The Force Awoke Almost 40 Years Ago

So it’s Saturday and I can post whatever I want. Those are the rules. When the Star Wars VII trailer was first unleashed to the world a couple of weeks ago, people all over the place were sighing and pooh-poohing the thing. It’s too fake and glossy looking they said. The lightsaber doesn’t make sense they said. There’s too much CGI they said. I, on the other hand love the trailer – especially the more I watched it. In my comments I mentioned that the trailer actually looks a lot like scenes from the original movies. It’s very minimal and open when it needs to be, detail oriented and claustrophobic when it needs to be.

I found this trailer today which kind of proves my point. It even shows moments that I specifically mentioned in my comments.

 
What this mock trailer also proves of course, is that it’s ludicrous to judge a movie based on six or seven 3-second shots from a movie; context is imperative. But I think in terms of visuals, from what I can see, Abrams has nailed it.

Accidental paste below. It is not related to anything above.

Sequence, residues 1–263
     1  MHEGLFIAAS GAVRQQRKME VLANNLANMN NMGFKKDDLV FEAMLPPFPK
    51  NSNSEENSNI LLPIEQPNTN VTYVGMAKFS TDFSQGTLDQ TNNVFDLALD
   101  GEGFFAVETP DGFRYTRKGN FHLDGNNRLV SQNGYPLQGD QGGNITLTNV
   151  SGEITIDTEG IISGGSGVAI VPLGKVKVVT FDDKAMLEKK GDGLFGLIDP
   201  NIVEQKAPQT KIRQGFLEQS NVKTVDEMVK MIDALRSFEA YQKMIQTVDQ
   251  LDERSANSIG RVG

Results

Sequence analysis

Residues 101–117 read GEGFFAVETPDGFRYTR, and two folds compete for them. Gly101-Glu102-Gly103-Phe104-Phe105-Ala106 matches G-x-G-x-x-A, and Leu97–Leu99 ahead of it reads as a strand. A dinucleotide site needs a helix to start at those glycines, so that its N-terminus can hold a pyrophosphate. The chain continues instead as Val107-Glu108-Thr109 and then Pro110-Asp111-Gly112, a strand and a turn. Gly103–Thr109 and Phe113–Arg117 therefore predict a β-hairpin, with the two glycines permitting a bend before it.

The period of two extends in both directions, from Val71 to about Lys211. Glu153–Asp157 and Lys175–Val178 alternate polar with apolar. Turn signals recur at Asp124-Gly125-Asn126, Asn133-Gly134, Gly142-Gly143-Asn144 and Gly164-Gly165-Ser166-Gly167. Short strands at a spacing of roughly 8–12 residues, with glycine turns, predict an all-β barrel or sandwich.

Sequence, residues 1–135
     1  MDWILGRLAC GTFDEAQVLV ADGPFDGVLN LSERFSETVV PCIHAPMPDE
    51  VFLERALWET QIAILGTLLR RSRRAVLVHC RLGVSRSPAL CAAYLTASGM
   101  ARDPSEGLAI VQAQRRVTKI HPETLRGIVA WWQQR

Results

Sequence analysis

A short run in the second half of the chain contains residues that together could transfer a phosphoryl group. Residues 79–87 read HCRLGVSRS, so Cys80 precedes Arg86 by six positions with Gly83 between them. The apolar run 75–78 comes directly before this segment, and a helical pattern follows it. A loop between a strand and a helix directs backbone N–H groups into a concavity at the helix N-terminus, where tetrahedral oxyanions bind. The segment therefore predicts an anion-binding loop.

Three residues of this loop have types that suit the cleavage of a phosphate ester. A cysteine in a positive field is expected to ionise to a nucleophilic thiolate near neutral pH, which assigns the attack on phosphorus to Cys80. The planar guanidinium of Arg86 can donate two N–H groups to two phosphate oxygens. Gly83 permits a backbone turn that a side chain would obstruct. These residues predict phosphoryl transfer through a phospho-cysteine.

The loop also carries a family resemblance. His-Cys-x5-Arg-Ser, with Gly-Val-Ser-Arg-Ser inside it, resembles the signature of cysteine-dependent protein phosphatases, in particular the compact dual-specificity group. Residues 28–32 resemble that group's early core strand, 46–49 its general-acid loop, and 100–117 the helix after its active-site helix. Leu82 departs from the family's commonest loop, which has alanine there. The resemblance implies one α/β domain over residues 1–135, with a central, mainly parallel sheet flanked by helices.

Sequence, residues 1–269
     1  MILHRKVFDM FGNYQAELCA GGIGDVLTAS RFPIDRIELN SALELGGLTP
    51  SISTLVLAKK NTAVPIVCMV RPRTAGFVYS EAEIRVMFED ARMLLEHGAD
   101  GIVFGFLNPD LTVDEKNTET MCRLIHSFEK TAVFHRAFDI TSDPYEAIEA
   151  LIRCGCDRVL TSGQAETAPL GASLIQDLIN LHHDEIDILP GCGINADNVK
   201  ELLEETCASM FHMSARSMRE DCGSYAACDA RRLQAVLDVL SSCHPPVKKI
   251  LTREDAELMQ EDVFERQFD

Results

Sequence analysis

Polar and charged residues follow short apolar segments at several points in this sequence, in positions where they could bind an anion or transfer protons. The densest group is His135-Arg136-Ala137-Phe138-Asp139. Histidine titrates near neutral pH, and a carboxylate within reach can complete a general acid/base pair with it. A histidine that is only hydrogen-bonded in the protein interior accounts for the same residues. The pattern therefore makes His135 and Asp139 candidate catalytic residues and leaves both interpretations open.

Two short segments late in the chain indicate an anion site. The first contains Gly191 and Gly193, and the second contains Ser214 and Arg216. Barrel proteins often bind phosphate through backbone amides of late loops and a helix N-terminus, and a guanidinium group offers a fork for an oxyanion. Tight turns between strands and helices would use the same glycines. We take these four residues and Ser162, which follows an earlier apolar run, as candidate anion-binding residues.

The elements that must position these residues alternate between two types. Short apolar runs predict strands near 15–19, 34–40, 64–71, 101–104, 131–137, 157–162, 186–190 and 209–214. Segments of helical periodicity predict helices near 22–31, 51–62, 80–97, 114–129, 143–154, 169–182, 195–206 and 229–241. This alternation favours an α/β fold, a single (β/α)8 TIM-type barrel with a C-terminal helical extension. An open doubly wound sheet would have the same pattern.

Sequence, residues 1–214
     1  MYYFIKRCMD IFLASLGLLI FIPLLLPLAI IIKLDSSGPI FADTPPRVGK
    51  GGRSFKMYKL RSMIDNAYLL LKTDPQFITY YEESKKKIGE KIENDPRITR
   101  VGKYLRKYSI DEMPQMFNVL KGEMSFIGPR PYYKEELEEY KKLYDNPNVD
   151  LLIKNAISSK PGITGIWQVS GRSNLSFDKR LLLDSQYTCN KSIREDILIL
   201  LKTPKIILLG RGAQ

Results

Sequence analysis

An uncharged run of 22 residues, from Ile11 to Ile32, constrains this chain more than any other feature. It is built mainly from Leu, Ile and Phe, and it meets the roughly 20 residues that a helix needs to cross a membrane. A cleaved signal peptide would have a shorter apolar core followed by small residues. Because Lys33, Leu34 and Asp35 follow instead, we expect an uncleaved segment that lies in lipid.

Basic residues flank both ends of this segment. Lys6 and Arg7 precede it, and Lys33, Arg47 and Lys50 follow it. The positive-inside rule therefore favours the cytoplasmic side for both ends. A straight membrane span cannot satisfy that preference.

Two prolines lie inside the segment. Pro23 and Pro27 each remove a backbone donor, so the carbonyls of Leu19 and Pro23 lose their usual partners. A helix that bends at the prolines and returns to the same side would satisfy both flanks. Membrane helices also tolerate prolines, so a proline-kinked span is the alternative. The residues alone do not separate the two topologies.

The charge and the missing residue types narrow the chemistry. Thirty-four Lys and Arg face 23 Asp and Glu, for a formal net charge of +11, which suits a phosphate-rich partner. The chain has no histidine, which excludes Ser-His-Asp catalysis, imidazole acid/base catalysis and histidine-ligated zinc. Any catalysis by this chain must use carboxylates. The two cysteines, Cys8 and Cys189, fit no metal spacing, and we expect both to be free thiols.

Trailer: Jurassic Park 4

JurassicWorld

Lots of StarLord but no mix tape (and very little sense of humour), Jurassic World looks about as lazy as they come in terms of sequels. Colin Trevorrow’s (Safety Not Guaranteed) direction here, looks to be exactly what a studio wants: Extruded plastic product. Judging by this digitally-bright and quite colourful trailer, Jurassic World is Jurassic Park minus any sense of wonder. Only the franchise remains, trapped in amber and poked for cloning every few years.